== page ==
10 Takeaways From the Prime-Time GOP Debate

10 Takeaways From the Prime-Time GOP Debate
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Donald Trump Is No Republican. The first question of the night—from Brett Baier of Fox News—was simple: Would anyone onstage not commit to supporting the Republican presidential nominee in lieu of mounting his own third party bid? As expected, only Trump raised his hand. No, he explained, he would not pledge to support the nominee unless he was that person. This is not what an actual Republican says. In some ways, Trump’s presence seemed to help the other candidates; by comparison they had more coherent worldviews and were more knowledgeable about public policy, but in another way Trump’s arrival in Cleveland as the leader in the polls diminished his rivals. At least one of them blurted out this resentment. “This is what's wrong!” Rand Paul said after listening to Trump’s answer to Baier. “He buys and sells politicians of all stripes; he's already hedging his bet on the Clintons, OK? So if he doesn't run as a Republican, maybe he supports Clinton, or maybe he runs as an independent.”

Neither Is Rand Paul, Really. Kentucky’s junior senator pounced on Trump’s answer on party unity, but he later tangled heatedly with New Jersey Gov. Chris Christie over civil liberties. “I’m a different kind of Republican,” Paul said near the end of the two-hour debate. He may be understating the problem. Paul is actually a Libertarian, and a principled one, but he’s stuck in a binary political system. He did get off one of the best lines of the night, though, while turning a gay marriage question into a question about religious freedom and the Second Amendment: “I don’t want my religion, or my guns, registered in Washington.” 

Other Rivalries Are Emerging: Republican voters who’d like to see a devout Midwestern governor who has presided over a tightening of the state budget and an expansion in the job market can choose—and probably must choose—between Wisconsin’s Scott Walker and Ohio’s John Kasich. The state of Florida had two candidates on the stage Thursday night, too, and one them (Marco Rubio) was a protégé of the other (Jeb Bush). Both Floridians seemed to make the points they wanted to make, but they are pursuing the same constituencies. When Bush and Rubio disagreed on the Common Core education standards, Bush gently reminded Rubio of their past. Asked by Baier if he disagreed with “your old friend,” Bush replied, “He is definitely my friend.” It was a deft touch. Carly Fiorina was the star of the first debate, but she must supplant someone to take her place in the Top Ten. Rand Paul, check your advertising budget. Ditto for Ben Carson.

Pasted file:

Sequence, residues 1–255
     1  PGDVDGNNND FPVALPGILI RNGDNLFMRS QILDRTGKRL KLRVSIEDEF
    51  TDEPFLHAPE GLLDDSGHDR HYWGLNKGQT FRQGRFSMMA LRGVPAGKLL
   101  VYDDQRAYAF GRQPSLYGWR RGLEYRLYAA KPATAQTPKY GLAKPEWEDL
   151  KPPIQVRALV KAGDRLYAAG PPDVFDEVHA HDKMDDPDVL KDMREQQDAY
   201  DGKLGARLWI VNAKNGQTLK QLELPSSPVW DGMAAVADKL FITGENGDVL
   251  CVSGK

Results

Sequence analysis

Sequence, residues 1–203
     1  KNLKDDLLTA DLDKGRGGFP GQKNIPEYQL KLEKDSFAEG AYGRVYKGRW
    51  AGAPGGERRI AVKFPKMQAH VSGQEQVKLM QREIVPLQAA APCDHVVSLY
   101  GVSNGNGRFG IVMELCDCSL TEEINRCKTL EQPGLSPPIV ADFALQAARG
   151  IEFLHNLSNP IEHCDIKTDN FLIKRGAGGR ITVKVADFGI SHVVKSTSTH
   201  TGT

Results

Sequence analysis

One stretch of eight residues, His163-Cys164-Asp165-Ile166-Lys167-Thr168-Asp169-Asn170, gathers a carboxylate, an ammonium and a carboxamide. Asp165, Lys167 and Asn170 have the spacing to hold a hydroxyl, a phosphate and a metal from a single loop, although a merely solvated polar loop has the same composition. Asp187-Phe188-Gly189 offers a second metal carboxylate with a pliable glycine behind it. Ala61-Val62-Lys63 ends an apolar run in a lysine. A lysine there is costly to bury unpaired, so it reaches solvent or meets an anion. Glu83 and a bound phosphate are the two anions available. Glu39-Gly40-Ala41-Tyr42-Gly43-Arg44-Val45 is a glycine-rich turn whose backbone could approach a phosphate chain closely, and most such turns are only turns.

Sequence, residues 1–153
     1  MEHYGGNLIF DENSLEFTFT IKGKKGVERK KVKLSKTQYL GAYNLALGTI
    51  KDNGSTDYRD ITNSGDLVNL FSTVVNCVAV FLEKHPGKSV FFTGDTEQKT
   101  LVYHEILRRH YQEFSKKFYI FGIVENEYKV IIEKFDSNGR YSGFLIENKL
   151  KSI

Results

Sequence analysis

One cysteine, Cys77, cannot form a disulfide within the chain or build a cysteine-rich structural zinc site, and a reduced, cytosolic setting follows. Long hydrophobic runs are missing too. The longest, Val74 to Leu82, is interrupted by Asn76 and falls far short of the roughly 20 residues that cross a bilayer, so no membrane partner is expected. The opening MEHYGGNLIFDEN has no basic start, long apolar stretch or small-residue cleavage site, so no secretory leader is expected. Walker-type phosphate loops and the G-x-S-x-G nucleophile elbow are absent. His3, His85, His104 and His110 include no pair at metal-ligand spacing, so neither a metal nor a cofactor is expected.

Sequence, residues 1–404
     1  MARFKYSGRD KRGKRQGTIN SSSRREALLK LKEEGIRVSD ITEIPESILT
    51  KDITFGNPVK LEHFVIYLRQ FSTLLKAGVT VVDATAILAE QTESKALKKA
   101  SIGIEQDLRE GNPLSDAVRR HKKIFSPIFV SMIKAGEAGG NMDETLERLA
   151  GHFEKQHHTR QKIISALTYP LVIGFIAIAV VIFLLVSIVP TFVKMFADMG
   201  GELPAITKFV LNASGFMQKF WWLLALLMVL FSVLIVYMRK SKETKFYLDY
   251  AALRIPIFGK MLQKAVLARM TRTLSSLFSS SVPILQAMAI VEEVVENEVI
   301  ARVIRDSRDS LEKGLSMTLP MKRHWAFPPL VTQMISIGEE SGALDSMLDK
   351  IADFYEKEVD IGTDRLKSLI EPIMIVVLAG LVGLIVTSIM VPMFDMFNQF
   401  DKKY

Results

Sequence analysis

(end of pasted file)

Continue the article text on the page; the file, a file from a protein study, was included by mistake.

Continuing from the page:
So Are Natural Alliances. To the discerning viewer, an obvious 2016 ticket is Bush and Kasich, which happens to be the two states Republicans must carry in November of 2016. (And Scott Walker has already floated the idea of he and Rubio running together.) On Thursday night, Ted Cruz continued to make nice with Trump, as did Kasich and Walker. In the first debate, Rick Perry made a point of complimenting Carly Fiorina, even hinting that in a Perry administration she’d be a likely secretary of state—although that is not  the job she’s actually pursuing. 

Kasich and the Poor. Megyn Kelly asked Ohio’s governor about his decision to accept federal funding under Obamacare to expand Medicaid. Noting that Kasich had defended his decision by saying that when politicians go to heaven’s gate, Saint Peter isn't going to ask them how small they've kept government, but what they have done for the poor, she asked him, “Why should Republican voters, who generally want to shrink government, believe that you won't use your Saint Peter rationale to expand every government program?” Kasich did not back down, defending his state’s treatment of the mentally ill and drug-addicted. “Everybody has a right to their God-given purpose,” he said.